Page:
Sunday, 4 November 2012


"Fresh cracked crab with Boudin's round 'dark bake' sourdough
 and a well-chilled bottle of California Chardonnay is still the quintessential SF meal"
(Herb Caen)

Think sourdough UK-style: an artisan baker hidden away under railway arches in East London serving a small but enthusiastic clientele.  It's a different world in San Francisco, where Boudin (pronounced Boo - Deen)  has moved sourdough bread into the mainstream in ways that are unimaginable here.  In true USA fashion, it's as much about working the brand as kneading the dough.
The mission statement is loud and clear, and printed on the window of the massive downtown bakery / restaurant / museum located in the prime tourist location that is Fisherman's Wharf.
Boudin has been here from the start, even before California became part of the United States. The family arrived from France in 1849 at the start of the Gold Rush, marrying their French expertise as bakers with the local miners' sourdough leaven, a fusion of old European and pioneer American knowhow still obvious today in their sourdough baguettes.
The bakery has followed the vicissitudes of the city and nearly collapsed after the devastating earthquake and fires of 1906.  Louise Boudin scooped the mother dough (then a mere 50+ years old) into a bucket as she rushed out of the burning building, thus saving the business.  From these humble beginnings, Boudin has evolved into a modern high-output bakery that has entwined its image with that of San Francisco itself.  Now the ubiquitous clam chowder is best served, as in the image below, in a "bowl" made from a hollowed out sourdough loaf.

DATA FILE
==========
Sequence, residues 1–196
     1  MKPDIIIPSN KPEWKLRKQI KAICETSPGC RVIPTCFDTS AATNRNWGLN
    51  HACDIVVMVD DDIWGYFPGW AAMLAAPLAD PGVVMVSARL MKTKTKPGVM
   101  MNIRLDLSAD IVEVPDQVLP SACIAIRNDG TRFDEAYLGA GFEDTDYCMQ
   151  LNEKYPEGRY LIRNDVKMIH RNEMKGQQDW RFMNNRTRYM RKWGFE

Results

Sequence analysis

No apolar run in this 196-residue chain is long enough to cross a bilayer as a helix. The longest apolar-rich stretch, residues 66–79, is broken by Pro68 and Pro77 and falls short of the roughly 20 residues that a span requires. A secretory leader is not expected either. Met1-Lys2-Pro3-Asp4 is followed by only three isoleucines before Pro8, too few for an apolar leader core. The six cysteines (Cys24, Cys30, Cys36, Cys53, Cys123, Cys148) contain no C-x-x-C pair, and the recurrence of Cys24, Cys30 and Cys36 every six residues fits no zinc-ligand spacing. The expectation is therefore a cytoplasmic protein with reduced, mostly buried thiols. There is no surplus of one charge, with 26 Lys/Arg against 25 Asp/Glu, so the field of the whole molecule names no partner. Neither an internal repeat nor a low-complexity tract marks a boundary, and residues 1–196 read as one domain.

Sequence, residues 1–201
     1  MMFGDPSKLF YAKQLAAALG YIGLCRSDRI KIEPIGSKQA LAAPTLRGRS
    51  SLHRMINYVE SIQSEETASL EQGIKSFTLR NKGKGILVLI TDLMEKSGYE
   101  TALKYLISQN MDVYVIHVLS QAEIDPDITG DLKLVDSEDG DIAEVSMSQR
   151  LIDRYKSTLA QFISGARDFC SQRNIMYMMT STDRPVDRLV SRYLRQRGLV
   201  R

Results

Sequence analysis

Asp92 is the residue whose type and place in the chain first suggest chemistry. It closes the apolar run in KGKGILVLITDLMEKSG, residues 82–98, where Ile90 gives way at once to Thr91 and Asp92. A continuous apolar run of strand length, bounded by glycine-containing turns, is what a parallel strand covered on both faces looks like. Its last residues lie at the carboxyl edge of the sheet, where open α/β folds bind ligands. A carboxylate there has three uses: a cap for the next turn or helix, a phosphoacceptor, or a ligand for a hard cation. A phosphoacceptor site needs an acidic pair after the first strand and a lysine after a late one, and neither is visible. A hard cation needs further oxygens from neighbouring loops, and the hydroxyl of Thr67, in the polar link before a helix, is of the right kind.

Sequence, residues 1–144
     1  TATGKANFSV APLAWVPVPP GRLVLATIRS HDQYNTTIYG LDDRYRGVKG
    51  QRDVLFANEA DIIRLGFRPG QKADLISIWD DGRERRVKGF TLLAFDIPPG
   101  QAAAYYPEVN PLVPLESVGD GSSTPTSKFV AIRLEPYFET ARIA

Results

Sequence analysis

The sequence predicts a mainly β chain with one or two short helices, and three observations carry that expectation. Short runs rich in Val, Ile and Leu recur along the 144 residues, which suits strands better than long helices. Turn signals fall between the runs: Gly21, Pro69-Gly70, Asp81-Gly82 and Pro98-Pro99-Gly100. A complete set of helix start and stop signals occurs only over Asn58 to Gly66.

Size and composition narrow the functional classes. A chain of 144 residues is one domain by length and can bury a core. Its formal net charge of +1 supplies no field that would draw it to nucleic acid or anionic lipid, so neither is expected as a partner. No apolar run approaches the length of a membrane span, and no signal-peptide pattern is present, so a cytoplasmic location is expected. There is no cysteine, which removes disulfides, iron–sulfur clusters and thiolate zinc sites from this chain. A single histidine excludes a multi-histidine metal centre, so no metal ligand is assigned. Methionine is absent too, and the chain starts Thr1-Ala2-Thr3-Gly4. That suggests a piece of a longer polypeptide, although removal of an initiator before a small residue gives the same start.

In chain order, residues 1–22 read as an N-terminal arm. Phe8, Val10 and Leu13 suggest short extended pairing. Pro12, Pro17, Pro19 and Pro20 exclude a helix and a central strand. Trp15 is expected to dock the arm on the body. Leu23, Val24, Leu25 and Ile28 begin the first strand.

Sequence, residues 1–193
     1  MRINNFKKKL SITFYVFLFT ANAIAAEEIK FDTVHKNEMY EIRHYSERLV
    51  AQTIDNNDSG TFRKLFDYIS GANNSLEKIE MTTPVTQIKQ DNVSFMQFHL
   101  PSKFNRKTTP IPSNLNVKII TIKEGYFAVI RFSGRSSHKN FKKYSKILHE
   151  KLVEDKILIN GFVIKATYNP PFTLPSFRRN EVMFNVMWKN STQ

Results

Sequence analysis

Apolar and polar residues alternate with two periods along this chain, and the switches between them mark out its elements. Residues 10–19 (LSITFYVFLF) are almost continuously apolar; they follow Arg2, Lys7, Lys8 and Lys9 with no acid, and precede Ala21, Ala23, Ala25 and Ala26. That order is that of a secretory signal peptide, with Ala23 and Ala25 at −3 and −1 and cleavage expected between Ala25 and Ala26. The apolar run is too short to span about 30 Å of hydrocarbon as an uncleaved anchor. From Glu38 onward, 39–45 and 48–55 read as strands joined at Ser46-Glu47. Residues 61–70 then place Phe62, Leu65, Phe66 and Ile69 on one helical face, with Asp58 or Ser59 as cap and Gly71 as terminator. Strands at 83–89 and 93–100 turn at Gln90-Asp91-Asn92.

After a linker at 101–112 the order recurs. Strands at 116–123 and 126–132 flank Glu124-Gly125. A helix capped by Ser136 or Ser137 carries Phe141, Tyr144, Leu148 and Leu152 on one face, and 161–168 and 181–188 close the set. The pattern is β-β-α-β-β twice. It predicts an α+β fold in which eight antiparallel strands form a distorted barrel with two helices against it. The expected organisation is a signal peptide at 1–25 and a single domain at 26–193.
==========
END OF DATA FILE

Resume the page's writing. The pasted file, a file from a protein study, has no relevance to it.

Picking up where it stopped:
Boudin turns out sourdough loaves on an industrial scale to serve the city's hunger for its iconic loaf.  In addition, batches of the mother dough are sent around the country to offshoot bakeries, though these have to be renewed every two months as the lactobacillus that creates the SF taste begins to wane if away from the specific local flora and fauna that sustain it.

The look and flavour of the Boudin sourdough are distinctive, with an unusual dark orange-red surface that is quite heavily blistered. Initially, the crisp, chewy crust and soft, slightly waxy crumb are familiar enough; then that distinctive and powerful sour tang kicks in.  It is a taste that matches seafood and cheese especially well, but also works with just a slab of slightly salted butter and a bottle of Californian sparkling wine.

There are Boudin stores across the city as well as elsewhere in the states. "Entrepreneur" may be a French word, but there is something particularly American about the way this brand and product have been developed and positioned at the heart of San Franciscan consciousness.  You can find a Boudin cafe in Macy's (Union Square).
Macy's Boudin cafe
Or on Pier 39 (prime tourist territory).
The cafe on Pier 39, Fisherman's Wharf
Despite fellow travellers' mockery, you can pick up a loaf or two at the aiport to sustain you when you return home.

1 comment:

  1. Love your pictures of Boudin. We were just there a few weeks ago. I was wondering if you had prints to buy as my camera decided to not work. It was such an amazing place and saddens me to not have pictures from there. Thank you so very much...